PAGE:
#2 – Orbital Sciences Corporation
Orbital Sciences Corporation, established in 1982, is a veteran in the private space game.
The company boasts having launched 132 satellites in the 23 years since it launched its first Pegasus rocket in 1990. Though it has struggled with fluctuating stock prices and the need for periodic layoffs in the past, things look like they may be turning a corner. On January 12, 2014 the OSC debuted it’s new Antares rocket, launching the Cygnus supply freighter, and successfully docking it with the International Space Station. This represents the first of eight resupply missions NASA will pay OSC $1.9 billion to perform. OSC is also one of a handful of companies NASA has contracted to help them design a new space shuttle.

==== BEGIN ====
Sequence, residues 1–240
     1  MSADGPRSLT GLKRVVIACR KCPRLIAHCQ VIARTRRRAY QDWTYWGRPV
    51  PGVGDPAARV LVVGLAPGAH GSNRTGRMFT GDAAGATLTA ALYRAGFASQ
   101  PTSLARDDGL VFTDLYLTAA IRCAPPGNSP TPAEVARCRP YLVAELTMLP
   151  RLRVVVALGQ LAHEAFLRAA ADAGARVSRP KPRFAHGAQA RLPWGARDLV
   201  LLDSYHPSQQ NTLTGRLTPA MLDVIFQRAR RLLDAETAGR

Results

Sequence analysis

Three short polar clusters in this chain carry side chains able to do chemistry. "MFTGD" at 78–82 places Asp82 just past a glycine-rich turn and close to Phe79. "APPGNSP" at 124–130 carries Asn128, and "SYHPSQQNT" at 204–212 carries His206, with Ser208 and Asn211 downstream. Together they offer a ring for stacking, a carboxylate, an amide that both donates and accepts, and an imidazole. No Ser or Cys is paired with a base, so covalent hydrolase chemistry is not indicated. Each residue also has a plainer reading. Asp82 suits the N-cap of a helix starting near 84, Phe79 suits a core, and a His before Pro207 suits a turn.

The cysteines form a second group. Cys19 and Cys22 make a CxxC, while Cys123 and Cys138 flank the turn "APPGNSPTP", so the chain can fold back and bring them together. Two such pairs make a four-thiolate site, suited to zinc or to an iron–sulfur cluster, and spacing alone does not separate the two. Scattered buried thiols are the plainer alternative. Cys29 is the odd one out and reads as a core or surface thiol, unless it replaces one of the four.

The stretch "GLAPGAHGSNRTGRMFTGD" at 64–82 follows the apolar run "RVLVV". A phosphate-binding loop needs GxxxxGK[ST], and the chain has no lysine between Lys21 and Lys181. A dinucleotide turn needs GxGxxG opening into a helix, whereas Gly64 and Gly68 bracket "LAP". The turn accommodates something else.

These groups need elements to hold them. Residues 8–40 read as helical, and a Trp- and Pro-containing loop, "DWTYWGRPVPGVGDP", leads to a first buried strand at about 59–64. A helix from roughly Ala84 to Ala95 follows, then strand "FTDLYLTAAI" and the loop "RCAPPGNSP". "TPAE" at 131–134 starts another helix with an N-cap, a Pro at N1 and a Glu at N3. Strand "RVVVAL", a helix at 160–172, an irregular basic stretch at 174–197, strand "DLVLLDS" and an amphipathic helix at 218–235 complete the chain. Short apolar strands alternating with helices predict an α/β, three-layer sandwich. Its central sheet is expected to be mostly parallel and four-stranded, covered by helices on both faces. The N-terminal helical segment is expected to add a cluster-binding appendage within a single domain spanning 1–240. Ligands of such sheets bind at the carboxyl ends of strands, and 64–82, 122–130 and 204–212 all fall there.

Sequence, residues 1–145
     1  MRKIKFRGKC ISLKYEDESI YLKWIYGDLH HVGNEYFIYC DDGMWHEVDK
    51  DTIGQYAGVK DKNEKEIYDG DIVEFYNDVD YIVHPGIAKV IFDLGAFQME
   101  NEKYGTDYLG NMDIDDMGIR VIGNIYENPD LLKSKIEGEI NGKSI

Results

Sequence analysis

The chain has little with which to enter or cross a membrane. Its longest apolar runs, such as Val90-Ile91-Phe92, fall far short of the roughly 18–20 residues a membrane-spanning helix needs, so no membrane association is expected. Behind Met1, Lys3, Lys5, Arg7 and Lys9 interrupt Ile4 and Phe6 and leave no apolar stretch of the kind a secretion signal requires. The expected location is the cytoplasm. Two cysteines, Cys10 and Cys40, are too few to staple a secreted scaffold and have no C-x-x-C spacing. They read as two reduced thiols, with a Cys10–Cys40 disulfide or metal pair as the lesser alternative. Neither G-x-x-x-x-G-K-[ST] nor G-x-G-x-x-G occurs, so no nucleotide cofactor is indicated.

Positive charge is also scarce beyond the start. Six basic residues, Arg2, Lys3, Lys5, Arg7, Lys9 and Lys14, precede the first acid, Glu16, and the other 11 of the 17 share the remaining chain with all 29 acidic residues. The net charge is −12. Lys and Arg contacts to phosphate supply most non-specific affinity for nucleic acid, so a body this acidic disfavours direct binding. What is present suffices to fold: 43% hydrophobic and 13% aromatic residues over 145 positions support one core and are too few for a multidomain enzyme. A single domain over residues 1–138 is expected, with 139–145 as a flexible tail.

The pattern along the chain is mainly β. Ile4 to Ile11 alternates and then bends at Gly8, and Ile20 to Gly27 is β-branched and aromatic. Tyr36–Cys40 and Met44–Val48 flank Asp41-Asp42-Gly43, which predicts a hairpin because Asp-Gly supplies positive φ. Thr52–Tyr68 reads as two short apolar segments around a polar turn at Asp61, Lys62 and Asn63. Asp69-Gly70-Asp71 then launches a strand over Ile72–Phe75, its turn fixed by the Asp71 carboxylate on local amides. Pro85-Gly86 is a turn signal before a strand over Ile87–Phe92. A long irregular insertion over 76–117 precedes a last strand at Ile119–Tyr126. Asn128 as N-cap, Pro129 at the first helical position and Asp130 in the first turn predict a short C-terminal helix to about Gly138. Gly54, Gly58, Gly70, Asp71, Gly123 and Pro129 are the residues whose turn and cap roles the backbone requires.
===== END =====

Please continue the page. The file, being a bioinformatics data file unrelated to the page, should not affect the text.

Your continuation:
#1 – Space X
Founded in 2002 with the express purpose of taking people to other planets, Space X is probably one of the best known private space companies, known as much for its charismatic CEO, billionaire PayPal and Tesla founder Elon Musk, as it is for its results. Unlike many of its competitors, Space X currently has three working rockets in its fleet, all of which are capable of re-entry.
In May 2012, Space X’s Dragon spacecraft became the first commercial spacecraft to dock with the International Space Station as part of a resupply mission. Shortly thereafter, the estimated value of the company doubled to $2.4 billion. In 2015, Space X is scheduled to begin bringing passengers to and from the ISS. With over $2 billion in NASA contracts already under its belt, as well as numerous contracts with countries and companies to launch satellites using their rockets, Space X has clearly claimed a dominant position early on.